There is growing recognition among donors and humanitarian organisations that mobile technology and mobile network operators (MNOs) have an important role to play in the delivery of dignified aid. This includes providing digital tools that help people affected by crisis become more self-sufficient, especially those in protracted humanitarian crises. However, more evidence is needed to understand the digital needs and preferences of people affected by crisis, how they are currently accessing and using mobile technology, and the barriers they encounter.
This GSMA research, conducted with support from UNHCR (United Nations High Commissioner for Refugees), aims to build this evidence base, providing humanitarian organisations and MNOs with unique insights and direction on how to work together to digitise humanitarian assistance and ensure the benefits of mobile technology are shared equally by all.
This report explores the ways in which mobile technology can improve access to financial services, utilities (notably energy) and identity services, as well as information to improve food security, with an overarching focus on gender and inclusivity in refugee contexts. The study aims to provide insight into these key thematic areas, drawing out emerging trends and cross-cutting themes across different contexts.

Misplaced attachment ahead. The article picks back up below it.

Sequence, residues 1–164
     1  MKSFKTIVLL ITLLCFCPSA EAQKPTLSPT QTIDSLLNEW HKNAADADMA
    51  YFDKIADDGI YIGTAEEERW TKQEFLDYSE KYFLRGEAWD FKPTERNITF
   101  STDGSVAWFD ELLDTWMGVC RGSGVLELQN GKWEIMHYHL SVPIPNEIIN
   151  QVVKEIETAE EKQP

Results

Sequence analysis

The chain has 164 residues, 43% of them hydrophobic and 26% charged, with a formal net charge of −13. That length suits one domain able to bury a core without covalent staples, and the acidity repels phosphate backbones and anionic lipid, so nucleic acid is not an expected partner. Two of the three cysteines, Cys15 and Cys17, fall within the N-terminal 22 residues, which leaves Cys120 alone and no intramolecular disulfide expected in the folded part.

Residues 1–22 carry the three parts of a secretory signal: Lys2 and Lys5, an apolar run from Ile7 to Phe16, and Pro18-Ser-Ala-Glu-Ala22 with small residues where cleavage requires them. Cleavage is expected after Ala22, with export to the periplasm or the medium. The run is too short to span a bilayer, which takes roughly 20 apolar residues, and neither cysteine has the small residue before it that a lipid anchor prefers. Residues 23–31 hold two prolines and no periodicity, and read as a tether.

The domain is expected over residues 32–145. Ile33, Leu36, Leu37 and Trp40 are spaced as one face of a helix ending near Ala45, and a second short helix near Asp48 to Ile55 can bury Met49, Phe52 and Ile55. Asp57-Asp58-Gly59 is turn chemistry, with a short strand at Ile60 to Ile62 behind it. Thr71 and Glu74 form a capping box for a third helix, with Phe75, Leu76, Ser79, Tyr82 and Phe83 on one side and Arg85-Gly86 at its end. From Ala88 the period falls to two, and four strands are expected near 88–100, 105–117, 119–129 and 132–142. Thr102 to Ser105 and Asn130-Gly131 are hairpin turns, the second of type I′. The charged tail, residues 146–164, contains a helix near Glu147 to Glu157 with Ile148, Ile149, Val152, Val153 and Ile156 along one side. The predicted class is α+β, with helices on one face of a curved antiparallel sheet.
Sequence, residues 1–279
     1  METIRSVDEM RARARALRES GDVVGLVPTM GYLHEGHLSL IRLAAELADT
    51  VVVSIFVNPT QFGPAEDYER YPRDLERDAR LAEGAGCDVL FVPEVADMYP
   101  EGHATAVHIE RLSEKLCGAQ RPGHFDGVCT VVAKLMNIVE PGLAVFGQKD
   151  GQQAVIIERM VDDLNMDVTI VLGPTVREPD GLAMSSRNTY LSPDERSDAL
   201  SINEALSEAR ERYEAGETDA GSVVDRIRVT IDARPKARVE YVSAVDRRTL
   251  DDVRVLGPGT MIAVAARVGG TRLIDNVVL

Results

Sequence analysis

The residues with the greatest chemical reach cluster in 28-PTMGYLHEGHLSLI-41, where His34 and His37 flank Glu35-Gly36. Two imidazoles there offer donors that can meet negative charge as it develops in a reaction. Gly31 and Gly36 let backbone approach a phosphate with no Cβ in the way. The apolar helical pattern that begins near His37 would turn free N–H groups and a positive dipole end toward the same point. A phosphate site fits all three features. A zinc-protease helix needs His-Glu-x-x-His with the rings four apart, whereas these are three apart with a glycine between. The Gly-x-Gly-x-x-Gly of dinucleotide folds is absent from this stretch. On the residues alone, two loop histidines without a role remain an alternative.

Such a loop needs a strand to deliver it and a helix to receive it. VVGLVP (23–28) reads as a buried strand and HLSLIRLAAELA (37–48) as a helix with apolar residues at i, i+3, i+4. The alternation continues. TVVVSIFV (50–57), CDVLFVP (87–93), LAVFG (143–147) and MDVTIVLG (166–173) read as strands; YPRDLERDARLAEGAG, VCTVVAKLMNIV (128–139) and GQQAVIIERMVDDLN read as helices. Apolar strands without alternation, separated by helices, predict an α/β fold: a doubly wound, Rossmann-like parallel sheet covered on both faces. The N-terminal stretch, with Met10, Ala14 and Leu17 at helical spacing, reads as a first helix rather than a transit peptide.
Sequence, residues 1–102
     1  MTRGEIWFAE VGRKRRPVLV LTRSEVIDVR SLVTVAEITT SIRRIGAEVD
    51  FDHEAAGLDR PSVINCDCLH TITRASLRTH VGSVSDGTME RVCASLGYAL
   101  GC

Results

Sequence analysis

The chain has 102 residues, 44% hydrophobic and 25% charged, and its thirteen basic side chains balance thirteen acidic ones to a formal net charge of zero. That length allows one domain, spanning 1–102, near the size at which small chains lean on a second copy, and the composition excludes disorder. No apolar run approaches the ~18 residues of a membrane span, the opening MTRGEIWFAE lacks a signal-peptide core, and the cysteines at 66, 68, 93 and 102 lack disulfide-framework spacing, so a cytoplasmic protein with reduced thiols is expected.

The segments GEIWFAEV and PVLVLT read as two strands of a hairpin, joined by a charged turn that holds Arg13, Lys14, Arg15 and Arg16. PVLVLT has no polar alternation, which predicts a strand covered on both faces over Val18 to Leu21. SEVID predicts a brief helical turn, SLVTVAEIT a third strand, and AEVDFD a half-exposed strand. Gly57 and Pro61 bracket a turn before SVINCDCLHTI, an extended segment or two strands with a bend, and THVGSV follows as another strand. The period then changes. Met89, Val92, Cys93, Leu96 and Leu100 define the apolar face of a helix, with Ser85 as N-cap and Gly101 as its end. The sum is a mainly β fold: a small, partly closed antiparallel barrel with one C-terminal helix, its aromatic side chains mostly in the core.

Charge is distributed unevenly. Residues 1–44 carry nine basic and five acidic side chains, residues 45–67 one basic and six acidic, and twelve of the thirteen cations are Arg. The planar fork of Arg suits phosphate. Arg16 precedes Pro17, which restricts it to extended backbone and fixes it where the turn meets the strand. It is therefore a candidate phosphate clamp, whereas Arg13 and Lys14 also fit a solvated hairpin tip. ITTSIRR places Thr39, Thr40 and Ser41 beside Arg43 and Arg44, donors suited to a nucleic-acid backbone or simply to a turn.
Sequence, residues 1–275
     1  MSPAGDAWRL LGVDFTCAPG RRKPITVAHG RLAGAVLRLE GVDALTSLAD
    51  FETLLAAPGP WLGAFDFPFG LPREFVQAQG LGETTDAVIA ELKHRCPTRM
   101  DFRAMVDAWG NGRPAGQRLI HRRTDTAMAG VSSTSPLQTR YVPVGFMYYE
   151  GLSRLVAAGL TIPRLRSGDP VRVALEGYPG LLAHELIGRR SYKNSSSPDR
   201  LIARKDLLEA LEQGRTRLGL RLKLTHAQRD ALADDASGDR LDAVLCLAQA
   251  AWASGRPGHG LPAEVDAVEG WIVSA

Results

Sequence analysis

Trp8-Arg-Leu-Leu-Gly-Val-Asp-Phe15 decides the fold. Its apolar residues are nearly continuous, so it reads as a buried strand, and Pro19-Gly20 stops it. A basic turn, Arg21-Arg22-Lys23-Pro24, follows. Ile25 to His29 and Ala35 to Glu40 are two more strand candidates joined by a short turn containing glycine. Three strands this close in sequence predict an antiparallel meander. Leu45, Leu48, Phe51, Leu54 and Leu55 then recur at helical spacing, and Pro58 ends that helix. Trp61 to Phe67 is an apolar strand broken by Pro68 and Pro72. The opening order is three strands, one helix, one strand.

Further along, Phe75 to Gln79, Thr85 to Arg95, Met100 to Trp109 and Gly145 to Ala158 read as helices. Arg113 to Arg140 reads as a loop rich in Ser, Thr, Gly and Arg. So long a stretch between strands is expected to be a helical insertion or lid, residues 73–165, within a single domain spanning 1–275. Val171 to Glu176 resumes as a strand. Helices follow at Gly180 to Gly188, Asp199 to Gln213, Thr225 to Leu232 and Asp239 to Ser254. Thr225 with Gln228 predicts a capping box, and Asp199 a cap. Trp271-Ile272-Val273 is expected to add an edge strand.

The two main objectives of the research are to:
The research adopted a mixed methods approach and was conducted in three humanitarian contexts: Jordan (urban refugees), Rwanda (Kiziba refugee camp) and Uganda (Bidi Bidi refugee settlement). A range of methodological approaches were employed, including nearly 3,000 survey interviews and 55 focus group discussions, as well as market observations and digital day snapshots1 with refugees and host community members.
The analysis begins with an overview of mobile technology access, use and barriers (section 3) in each context. This digital snapshot of refugees provides a foundation for subsequent chapters on five thematic areas.
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